Sustaining Victorian certificate of applied learning (VCAL) educators
Schulz, Christine 2011, Sustaining Victorian certificate of applied learning (VCAL) educators, in AARE 2011 : The proceedings of the 2011 AARE International Research in Education Conference : Researching Across Boundaries, Australian Association for Research in Education, [Hobart, Tas.], pp. 1-17.
This paper draws on emerging data from in-progress analysis of interviews with 22 teachers/educators who teach the Victorian Certificate of Applied Learning (VCAL) in the settings of schools, Adult Community Education (ACE) and Technical and Further Education (TAFE). The development and implementation of VCAL occurred in 2002 as a response to Victorian government policy initiatives resulting from the Kirby (2000) Report. The VCAL is offered alongside the Victorian Certificate of Education (VCE), in years 11 and 12 of school, as another pathway into employment or further education and training. VCAL is also offered in the settings of TAFE and ACE. The VCAL curriculum uses applied learning as a pedagogical foundation to engage students in relevant, meaningful and authentic learning. In schools VCAL is delivered by qualified and registered teachers. In the TAFE and ACE sectors VCAL is taught by staff who are not necessarily teacher trained. Many pre-service teaching courses (including Certificate IV in Workplace Training and Assessment) do not include applied learning pedagogy in the curriculum. Since VCALʼs implementation there have been calls for greater consultation with, and support given to, VCAL teachers and organisations (Knipe, Ling, Bottrell and Keamy, 2003, p. 6; Harrison, 2006). Additionally VCAL teachers are frequently ill prepared professionally to manage a cohort which includes a high concentration of disengaged young people demonstrating challenging behaviours and attitudes (Pritchard & Anderson, 2006, p.1). Emerging data from the interviews with VCAL educators indicates these issues have not been addressed and many educators and teachers continue to feel unprepared and poorly supported. This is particularly significant in the light of a recent Victorian government announcement that, despite rising VCAL enrolments, VCAL coordination funding to schools is to be cut in 2012. (VALA, 2011, para. 4). To compensate for a lack of structured support and preparation, VCAL educators are frequently sustaining professional practice by their own agency in adapting already held life-skills and knowledge.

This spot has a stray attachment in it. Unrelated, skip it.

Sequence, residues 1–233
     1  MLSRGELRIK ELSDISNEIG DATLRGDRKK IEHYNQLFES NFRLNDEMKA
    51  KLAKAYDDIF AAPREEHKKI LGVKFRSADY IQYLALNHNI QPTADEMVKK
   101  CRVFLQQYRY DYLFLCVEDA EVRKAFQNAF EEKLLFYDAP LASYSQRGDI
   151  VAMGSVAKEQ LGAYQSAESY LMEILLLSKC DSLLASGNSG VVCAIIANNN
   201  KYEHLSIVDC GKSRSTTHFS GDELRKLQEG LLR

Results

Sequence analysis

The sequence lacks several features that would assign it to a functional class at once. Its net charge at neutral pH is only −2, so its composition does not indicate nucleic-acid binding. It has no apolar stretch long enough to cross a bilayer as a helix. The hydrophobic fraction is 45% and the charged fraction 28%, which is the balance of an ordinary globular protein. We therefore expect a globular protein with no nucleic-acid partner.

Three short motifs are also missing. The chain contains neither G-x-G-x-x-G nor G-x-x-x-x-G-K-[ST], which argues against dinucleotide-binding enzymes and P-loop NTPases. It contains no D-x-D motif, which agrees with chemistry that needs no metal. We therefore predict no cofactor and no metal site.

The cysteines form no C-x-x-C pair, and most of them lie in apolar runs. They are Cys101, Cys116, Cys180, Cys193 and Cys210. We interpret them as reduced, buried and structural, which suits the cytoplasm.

Field of Research
130313 Teacher Education and Professional Development of Educators
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